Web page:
Sri Mulyani

In early March, Indonesia's President-elect Prabowo Subianto spoke of the 'good, prudent economic and fiscal management' that has brought growth and stability during President Joko' Jokowi' Widodo's two terms in power since 2014.

Prabowo, the serving Defence Minister, has pledged to maintain this positive trajectory. He will be inaugurated in October of this year, but plans are already underway for the first hundred days of his administration.

However, one key question yet to be answered is what the future holds for Sri Mulyani, Indonesia's Finance Minister since 2016 and a former managing director at the World Bank.

Known for her iron-like grip on the country's public finances, doubts have emerged recently as the rupiah slides against the dollar and her customs reforms come under attack from Indonesian importers and exporters alike.

Mulyani is, in many ways, the consummate technocrat. She cut her teeth at USAID before stints at the IMF and World Bank. She served as Finance Minister first under Susilo Bambang Yudhoyono (SBY) between 2005 and 2010, winning international plaudits for her focus on restraining public spending to reduce Indonesia's debt.

Having entered the last months of her tenure, Mulyani must face two policy predicaments.
In recent weeks, Indonesia's Customs and Excise office, which is responsible for the finance ministry, has been mocked on social media after it was revealed that several braille keyboards imported from South Korea had been held at Jakarta's Soekarno-Hatta International Airport for more than two years.

The reason? Because their intended recipient, a school for visually impaired children in South Jakarta, had been unable to pay the customs office a tax of Rp 100 million (USD 6,200). Mulyani reversed course and ordered the release of the keyboards only when the injustice went viral.

Critics say that under Mulyani's tenure, the finance ministry has empowered the Customs and Excise office to intimidate – even bully – Indonesian businesses and charitable organisations in its quest to boost revenues.

These harsh measures are considered unjust, given that tax evasion by those with the means to do so is still rife in Indonesia. At the same time, small-time importers face the finance ministry's full force for minor regulation breaches.

As Indonesia attempts to grow its tourism sector, which currently constitutes less than 3% of the economy, many argue that such a heavy-handed approach will deter foreign nationals from coming to Indonesia for business and pleasure. In turn, the finance minister is being asked to think again.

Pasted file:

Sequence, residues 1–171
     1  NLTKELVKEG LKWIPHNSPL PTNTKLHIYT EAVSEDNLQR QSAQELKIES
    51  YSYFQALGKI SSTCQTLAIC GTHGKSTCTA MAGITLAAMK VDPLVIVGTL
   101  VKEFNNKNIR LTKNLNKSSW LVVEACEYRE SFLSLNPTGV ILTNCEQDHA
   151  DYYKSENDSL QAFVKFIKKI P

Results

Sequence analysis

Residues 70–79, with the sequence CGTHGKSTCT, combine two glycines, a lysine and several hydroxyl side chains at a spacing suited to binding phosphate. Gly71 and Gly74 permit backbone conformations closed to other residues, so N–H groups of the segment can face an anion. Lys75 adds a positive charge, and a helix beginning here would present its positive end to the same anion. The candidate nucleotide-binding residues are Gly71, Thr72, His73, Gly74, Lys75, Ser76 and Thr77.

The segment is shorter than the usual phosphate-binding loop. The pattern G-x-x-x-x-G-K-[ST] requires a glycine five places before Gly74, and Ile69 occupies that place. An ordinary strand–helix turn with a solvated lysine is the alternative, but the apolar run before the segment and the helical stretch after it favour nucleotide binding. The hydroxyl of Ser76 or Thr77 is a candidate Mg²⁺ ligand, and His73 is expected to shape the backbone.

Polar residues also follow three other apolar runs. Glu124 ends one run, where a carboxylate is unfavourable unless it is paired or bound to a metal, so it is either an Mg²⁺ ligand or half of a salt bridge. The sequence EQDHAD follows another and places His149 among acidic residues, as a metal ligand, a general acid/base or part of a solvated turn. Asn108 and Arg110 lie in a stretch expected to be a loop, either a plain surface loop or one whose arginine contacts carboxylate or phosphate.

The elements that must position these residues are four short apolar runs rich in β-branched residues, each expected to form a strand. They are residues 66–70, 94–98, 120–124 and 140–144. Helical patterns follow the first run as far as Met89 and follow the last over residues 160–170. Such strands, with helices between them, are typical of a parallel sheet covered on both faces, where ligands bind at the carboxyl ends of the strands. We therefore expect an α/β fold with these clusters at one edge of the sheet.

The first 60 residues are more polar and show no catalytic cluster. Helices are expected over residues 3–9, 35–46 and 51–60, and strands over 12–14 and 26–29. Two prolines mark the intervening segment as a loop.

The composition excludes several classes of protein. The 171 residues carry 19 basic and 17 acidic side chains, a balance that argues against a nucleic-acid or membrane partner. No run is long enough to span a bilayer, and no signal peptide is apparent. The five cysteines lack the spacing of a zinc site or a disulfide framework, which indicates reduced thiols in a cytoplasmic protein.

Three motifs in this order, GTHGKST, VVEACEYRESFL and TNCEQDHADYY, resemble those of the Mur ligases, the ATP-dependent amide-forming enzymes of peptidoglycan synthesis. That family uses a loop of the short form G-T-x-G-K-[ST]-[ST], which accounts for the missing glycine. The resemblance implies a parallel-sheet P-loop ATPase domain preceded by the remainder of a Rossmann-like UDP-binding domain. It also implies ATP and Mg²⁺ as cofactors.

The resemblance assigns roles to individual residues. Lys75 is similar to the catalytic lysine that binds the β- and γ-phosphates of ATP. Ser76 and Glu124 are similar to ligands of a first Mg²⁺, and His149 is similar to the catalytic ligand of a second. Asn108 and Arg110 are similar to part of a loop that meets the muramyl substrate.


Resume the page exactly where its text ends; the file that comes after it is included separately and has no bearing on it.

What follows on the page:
While the social media storm rages, Mulyani also wrestles with the fallout of an emerging currency crisis.

In early May, she had to confirm that the rupiah has depreciated by 2.89% against the US dollar in the year-to-date, pushing her ministry to resort to market interventions (so-called 'monetary instruments') to prop up the currency's value.

There are fears that an ever-weakening rupiah will further stoke inflation as exports purchased with dollars become more expensive. Indeed, Reuters reported in late March that Indonesia's annual inflation had accelerated by more than expected to 3.05%, the most significant jump since August 2023.

Import inflation will further undermine the purchasing power of the poorest Indonesians, who spend a far greater proportion of their household budgets on food and fuel. Food prices have been up by more than 10% since March 2023, with the surging price of rice a particular concern for consumers.

Mulyani and the Indonesian Central Bank are, therefore, facing calls to hold off on interest rate cuts, with inflation heading in the wrong direction. A toxic mix of high interest rates and high prices certainly threatens to diminish Indonesia's hard-won international credibility.

Suppose Mulyani can turn the situation around, safeguarding the rupiah and reforming Indonesia's rigid customs system. In that case, she stands a greater chance of continuing in her post under Prabowo. If not, she will leave her successor with a very difficult in-tray.